Where an employee, under the Workmen's Compensation Act, dies as the result of a "heart attack" which occurs after he has finished his day's work, medical testimony that such "attack" was not related to any exertion performed on the job is sufficient to support an award denying compensation to the employee's widow.
Mrs. Ida Ruth Ford, widow of James O. Ford, filed a claim for workmen's compensation with the State Board of Workmen's Compensation in which she sought to recover for the death of her husband who had been an employee of Golian Steel & Iron Works. Liberty Mutual Insurance Company was the insurer. The deputy director who heard the case rendered an award denying compensation which award was, in effect, affirmed by the full board, one director dissenting. On appeal to the Superior Court of Fulton County the award of the board was affirmed, and it is to this judgment that the claimant now excepts.
1. Where there is any evidence to support the award of the State Board of Workmen's Compensation, neither the superior court nor this court has any authority to review the evidence and decide that the weight of the evidence is contrary to such award, and under the decision of the Supreme Court in the case of American Mutual &c. Ins. Co. v. Sisson, 198 Ga. 623
(32 S. E. 2d 295), if the award was authorized it must be affirmed even though the single director and the full board based the award on an erroneous finding and conclusion of fact. Wisebram Dept. Store v. Bowman, 92 Ga. App. 587
(89 S. E. 2d 547).
2. In the present case it was stipulated that on April 25, 1957, the deceased completed his day's work at approximately 4:25 p.m., that thereafter he filled out his time card in his own handwriting, clocking out in his writing at 4:30 p.m., that sometime thereafter, he was washing his hands in the wash basin when a pain came upon him in his chest, that thereafter about 4:40 p.m. he was observed in the office of the employer, after receiving his pay check where he seemed to be in a collapsed state on the floor complaining of chest pains, that he was taken to the doctor's office and from there to the hospital. The evidence showed that the deceased passed away shortly after he arrived at the hospital, and there was evidence that the cause of death was a myocardial infarction.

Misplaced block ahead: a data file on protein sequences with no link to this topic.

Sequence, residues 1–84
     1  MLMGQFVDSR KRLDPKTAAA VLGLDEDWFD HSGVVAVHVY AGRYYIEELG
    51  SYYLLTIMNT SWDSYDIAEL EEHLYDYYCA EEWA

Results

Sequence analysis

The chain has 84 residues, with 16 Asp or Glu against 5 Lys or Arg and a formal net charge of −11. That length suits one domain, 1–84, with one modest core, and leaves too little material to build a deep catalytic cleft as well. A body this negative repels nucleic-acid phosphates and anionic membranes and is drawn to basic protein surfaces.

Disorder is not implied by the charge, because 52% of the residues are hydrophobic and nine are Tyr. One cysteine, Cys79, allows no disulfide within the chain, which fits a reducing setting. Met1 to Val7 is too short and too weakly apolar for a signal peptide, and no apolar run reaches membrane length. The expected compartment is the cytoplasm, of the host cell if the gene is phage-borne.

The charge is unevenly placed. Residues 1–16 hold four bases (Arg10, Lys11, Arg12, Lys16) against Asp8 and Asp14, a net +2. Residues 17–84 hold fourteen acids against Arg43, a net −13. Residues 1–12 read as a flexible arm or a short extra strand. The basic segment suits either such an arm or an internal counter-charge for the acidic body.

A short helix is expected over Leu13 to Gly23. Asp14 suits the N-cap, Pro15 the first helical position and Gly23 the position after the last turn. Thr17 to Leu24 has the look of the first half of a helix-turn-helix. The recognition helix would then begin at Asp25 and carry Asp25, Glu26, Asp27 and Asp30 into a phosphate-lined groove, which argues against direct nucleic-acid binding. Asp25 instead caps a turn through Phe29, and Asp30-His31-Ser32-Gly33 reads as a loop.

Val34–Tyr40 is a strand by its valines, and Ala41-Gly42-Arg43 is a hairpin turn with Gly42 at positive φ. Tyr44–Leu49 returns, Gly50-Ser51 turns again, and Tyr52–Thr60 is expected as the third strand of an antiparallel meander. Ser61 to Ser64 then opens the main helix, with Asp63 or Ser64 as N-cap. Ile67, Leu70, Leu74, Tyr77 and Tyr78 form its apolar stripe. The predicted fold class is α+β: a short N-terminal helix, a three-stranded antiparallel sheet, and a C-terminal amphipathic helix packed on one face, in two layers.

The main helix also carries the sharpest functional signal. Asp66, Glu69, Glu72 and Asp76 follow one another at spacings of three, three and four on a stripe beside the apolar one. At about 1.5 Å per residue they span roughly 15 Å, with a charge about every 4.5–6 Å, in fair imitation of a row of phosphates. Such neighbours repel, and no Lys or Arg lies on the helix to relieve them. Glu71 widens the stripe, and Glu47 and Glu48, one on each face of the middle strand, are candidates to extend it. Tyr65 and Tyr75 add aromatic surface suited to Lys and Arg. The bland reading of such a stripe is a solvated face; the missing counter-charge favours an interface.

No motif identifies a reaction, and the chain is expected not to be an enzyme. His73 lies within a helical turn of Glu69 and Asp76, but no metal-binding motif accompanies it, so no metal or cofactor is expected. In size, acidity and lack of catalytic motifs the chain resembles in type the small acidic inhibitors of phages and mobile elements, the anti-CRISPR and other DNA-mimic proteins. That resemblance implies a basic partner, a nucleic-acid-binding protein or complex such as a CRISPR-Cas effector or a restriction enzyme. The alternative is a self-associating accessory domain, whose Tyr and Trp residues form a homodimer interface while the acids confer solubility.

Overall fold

While there was some medical testimony to the effect that exertion on the job by the deceased caused or at least contributed to the heart attack, there was also medical testimony to the effect that had exertion had anything to do with the attack it, the attack, would have occurred while the deceased was working and not five minutes after he had quit work.
The claimant relies on the case of Hartford Accident & Indem. Co. v. Waters, 87 Ga. App. 117
(73 S. E. 2d 70), and cases there cited, to support her contention that the evidence demanded an award in her behalf. In that case it was said: "Where there was no expert opinion to the effect that the exertion contributed to the attack, unless and until some method is developed to ascertain with some degree of certainty that such an attack is not contributed to by exertion, we think that knowledge from human experience, including medical caution against exertion in such cases and the admitted opinion of experts that exertion might contribute to such an attack, authorized the finding in this case, on the weight of reasonable probabilities, that the amount of exertion in this case contributed to the cerebral hemorrhage which caused the deceased's death."
In the case of Maddox v. Buice Transfer &c. Co., 81 Ga. App. 503
(59 S. E. 2d 329), it was said: "Where the evidence as to the cause of the death of the employee is in conflict, and the Board of Workmen's Compensation finds as a fact that this burden has not been carried, the courts are bound thereby, and the finding of fact of the single director that the claimant is not entitled to compensation will not be reversed by this court."
While in many cases similar to the case sub judice the State Board of Workmen's Compensation has found for the claimant and awarded compensation, this court cannot say, where there was medical testimony to the effect that exertion did not cause the "attack" which occurred after the deceased had quit work, that the fact that the claimant adduced medical testimony to conflict with such evidence that an award in her behalf was demanded. While the evidence adduced on the hearing was conflicting, the award of the board was authorized by the evidence and the superior court did not err in affirming such award.
In view of what has been above held the other contentions of the claimant that certain other "findings of fact" were unauthorized are moot and will not he considered.
Judgment affirmed. Felton, C. J., and Quillian, J., concur.